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Omaha, Nebraska, United States
I am more and more convinced that most congregations die from a staggering lack of imagination. Let's change that. Let's imagine a creative future with God and each other together. Drop me a line on email or leave a comment if you have thoughts on God, Jesus, congregations, the church or whatever.... I look forward to our conversations.

Friday, July 9, 2010

Spirit vs. Structure, part II

What kind of a congregation do you have if questions of structure take a back seat to questions of identity? Yesterday, I met with Bob Sanderson, president of Lutheran Social Services of North Dakota, and he asked me about Prairie Table Ministries. It was a good conversation.

I reminded him first that what makes Prairie Table somewhat unique in the world of Christian congregations is that your identity as a Christian is the most important aspect of our groups. If you think of what makes a person a member of "X" congregation, most of the time questions of structure are used to delineate who is a member or not? Do they worship at a certain time and place in a certain way? Do they give money? Do they participate in the sacraments? These are all structural realities that assume an attendant faith. (That is, people who worship or give money or take sacraments actually believe in what they do--but it is the doing, not the believing, that qualifies membership.)

At Prairie Table, since we do not have membership, questions of structure do not delineate our congregations. Rather, it is the relationships you develop that provide whatever structure Prairie Table has, and therefore, those relationships become the reason why you participate in the ministries or not. For example, recently, a group of men have starting attending our "Soup and Bible" class on Wednesday afternoon. There are four of them, and as with everyone, they attend the class as time and providence permit...but just a couple of weeks ago there was just one guy there, and although he was not alone, he was the only one of this quartet there that day. As he left, he said to me, I'll have to call those guys and see what's up and why they weren't here. It is that kind of consideration of relationship that Prairie Table is looking for. People taking responsibility for their friends is all we are looking for out here...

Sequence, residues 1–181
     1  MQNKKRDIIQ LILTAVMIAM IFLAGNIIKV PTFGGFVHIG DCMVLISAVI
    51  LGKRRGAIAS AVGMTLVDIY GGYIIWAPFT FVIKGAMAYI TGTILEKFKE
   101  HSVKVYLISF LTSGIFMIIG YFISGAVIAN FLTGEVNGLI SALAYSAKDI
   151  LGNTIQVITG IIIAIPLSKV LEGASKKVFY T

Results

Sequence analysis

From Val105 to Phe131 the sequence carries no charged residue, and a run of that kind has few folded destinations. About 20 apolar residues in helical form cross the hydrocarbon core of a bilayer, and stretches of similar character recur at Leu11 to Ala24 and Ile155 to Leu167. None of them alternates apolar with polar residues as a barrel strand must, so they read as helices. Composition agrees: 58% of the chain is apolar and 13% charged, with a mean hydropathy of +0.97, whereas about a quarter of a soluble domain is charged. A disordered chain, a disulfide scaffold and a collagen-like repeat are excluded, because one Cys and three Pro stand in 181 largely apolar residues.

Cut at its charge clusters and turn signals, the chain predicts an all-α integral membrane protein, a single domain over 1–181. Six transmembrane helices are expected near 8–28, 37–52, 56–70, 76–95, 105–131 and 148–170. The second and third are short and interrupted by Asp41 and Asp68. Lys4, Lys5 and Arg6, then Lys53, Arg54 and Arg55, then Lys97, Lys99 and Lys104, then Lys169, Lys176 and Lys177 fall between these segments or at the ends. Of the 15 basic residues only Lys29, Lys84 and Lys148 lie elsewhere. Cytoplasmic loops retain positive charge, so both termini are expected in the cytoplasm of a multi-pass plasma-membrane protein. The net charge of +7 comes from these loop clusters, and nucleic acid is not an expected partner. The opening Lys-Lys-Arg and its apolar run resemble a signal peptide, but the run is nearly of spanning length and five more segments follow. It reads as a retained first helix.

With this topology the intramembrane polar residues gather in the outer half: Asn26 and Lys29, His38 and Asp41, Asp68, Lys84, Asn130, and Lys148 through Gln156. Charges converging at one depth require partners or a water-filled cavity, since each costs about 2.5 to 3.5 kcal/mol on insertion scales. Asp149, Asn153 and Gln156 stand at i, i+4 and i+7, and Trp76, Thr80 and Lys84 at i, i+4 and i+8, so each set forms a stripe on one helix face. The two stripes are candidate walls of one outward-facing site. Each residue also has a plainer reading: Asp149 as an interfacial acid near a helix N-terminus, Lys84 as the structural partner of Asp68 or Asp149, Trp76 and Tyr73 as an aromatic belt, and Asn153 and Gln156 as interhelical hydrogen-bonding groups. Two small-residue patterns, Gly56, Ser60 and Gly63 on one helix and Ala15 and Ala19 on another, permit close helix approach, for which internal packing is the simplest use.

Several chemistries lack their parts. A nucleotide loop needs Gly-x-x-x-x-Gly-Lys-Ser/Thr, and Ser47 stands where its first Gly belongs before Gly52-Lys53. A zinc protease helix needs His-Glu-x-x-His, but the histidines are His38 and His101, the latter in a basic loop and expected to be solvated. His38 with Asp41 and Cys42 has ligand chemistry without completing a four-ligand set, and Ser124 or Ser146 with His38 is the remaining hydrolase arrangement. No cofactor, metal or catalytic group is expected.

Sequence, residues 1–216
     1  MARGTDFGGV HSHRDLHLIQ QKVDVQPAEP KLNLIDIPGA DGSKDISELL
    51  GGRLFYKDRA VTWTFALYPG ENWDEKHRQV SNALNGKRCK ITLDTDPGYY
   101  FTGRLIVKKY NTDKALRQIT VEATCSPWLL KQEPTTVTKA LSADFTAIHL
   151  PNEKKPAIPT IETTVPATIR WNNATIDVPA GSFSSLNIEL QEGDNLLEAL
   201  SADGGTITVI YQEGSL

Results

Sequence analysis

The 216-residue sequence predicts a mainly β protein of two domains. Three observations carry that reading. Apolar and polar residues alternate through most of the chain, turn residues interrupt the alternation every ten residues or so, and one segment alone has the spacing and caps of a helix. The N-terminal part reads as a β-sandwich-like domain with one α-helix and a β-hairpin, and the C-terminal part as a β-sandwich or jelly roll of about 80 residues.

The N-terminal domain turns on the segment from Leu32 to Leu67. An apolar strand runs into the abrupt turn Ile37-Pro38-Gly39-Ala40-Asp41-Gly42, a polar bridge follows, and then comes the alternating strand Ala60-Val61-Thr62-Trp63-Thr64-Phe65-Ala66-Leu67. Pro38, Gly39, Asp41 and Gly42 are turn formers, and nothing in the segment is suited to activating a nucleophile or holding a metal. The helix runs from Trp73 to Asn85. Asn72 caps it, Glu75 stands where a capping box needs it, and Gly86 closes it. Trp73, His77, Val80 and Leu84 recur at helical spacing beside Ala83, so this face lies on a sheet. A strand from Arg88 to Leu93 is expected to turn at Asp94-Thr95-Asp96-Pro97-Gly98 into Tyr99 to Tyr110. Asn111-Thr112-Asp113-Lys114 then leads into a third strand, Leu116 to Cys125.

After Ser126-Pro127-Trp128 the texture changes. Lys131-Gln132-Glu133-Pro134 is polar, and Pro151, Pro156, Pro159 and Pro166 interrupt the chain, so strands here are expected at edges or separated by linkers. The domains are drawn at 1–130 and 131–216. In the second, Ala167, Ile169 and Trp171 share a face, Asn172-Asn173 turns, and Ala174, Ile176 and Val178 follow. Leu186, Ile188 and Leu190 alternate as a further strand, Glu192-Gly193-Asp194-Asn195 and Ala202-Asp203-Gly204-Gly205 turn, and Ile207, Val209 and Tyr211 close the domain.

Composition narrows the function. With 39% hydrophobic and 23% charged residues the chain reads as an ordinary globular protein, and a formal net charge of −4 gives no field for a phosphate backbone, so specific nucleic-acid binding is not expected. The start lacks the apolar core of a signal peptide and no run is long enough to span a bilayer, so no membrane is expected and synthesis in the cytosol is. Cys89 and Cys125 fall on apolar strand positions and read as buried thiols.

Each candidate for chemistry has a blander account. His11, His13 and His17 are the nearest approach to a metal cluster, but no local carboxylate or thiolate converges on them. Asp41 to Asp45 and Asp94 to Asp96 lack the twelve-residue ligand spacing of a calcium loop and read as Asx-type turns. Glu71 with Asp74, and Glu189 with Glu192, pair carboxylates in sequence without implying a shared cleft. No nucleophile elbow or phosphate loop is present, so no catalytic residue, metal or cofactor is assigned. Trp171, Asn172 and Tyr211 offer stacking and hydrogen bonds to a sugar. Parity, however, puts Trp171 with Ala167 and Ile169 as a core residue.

Notice too--for those of you reading this who are pastors or leaders of congregations--the gentleman did not say "You Scott, as leader of this group, should take responsibility and call them, even though you may not know any one of their last names," but rather, he understood-even if instinctively-that these are his friends, and therefore, his responsibility. One of the most pervasive structures of Christian congregations is the "ordained" leader...and although important, at Prairie Table we believe "friends" are even moreso. And although friendship may seem an unique way to start a congregation, I am not wondering if it is the only we all have a friend in Jesus.

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